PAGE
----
Australia Set For Life Results
In Australia’s version of Set For Life, eight winning numbers and two supplementary numbers are picked in every draw. On Monday 28th October, seven of the eight numbers ran consecutively; the winning numbers in ascending order were 26, 30, 31, 32, 33, 34,35, and 36, with the supplementary numbers 14 and 18.
It turned out that hundreds of players like to pick consecutive numbers such as these, resulting in 323 ticket holders matching seven of the eight winning numbers. The prize pool for matching seven in that draw was $5,474, and as the prizes are pari-mutuel, the winning ticket holders had to share that amount between them. That meant each individual walked away with around $17, just a dollar more than those who only matched five numbers.
Had these players matched that eighth number, they would have been in line for a share of the annuitized top prize. Usually, that’s worth $20,000 a month for 20 years, but if there are more than four winners, they share a total payout of $80,000 per month for 20 years, a total of $19.2 million.
With 323 winners, however, that would have worked out at just under $250 per month to each winner, or a total payout of around $60,000 each. It would have been the bitterest of bitter-sweet wins.
The Do’s and Don'ts of Picking Lottery Numbers
This goes to prove that it doesn’t pay to pick your lottery numbers in obvious patterns. Consecutive numbers are a big no-no, as this recent result shows. Outcomes like the one in this example are very uncommon, but every set of winning numbers has the same chance of being produced, so it does happen. And when numbers like these do come in, they provide for some spectacular - and for the winners, disappointing - payouts.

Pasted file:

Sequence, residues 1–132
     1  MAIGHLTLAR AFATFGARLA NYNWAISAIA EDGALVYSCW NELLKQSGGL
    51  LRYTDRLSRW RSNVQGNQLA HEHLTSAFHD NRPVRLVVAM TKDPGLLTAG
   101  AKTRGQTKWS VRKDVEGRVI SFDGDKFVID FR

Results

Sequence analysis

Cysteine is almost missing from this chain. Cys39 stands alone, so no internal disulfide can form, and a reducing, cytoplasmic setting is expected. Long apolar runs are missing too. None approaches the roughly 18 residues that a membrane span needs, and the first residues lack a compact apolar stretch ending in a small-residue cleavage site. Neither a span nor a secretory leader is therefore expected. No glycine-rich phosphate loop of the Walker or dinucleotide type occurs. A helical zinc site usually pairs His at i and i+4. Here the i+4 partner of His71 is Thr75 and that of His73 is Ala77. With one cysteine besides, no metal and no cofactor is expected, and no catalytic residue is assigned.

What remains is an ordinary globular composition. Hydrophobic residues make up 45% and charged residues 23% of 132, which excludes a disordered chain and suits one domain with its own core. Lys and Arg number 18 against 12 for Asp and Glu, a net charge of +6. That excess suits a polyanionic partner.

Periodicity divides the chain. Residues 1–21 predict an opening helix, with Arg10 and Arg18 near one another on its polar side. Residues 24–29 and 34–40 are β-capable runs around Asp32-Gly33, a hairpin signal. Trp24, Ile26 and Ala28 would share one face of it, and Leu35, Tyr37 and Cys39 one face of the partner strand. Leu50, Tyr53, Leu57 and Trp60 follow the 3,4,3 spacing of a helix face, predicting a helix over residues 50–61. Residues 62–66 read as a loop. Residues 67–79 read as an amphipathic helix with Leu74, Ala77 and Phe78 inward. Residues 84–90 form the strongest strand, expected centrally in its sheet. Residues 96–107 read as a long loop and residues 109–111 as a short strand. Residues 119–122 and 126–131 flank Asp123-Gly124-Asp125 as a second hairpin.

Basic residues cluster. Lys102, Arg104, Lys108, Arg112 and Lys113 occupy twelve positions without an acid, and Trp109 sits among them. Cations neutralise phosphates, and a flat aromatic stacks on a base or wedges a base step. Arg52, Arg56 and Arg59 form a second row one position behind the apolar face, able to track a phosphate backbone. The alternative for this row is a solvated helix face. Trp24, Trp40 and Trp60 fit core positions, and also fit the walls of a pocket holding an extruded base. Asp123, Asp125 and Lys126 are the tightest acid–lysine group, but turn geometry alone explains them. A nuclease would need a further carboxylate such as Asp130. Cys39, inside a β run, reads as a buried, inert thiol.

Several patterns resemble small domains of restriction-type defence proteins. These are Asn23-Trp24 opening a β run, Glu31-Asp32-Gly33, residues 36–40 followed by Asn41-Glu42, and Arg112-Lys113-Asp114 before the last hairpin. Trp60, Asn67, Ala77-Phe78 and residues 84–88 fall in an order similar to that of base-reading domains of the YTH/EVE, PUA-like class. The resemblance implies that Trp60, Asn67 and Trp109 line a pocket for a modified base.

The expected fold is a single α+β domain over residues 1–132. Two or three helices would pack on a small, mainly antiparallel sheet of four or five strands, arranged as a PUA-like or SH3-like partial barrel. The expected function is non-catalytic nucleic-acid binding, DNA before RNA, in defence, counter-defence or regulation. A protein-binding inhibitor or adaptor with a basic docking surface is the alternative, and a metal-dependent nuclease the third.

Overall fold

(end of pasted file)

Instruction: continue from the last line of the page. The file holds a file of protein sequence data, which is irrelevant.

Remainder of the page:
Here are three other strategies to keep in mind when it comes to picking your numbers:
- Don’t use dates: Using memorable dates, such as birthdays or anniversaries, is a hugely popular method for picking numbers. It shouldn’t be, though. Not only are you limiting the numbers you have to choose from to between 1 and 31, you’re increasing your chances of picking a line that other people have gone for too.
- Do avoid patterns on the playslip: Picking your lottery numbers according to certain visual patterns on the playslip is a form of ‘spatial selection’. For example, you might mark all the numbers that run diagonally from number 1 on the slip, or you might mark numbers to make an ‘L’ shape. Don’t do this, as these are habits that other players commonly adopt.
- Do pick as randomly as possible: The more random your numbers, the more chance there is that no one else has picked them. Remember that every single combination of numbers has the same chance of being drawn, so while you don’t improve your odds of winning by picking randomly, you do improve your chances of not sharing the prize money if you do win.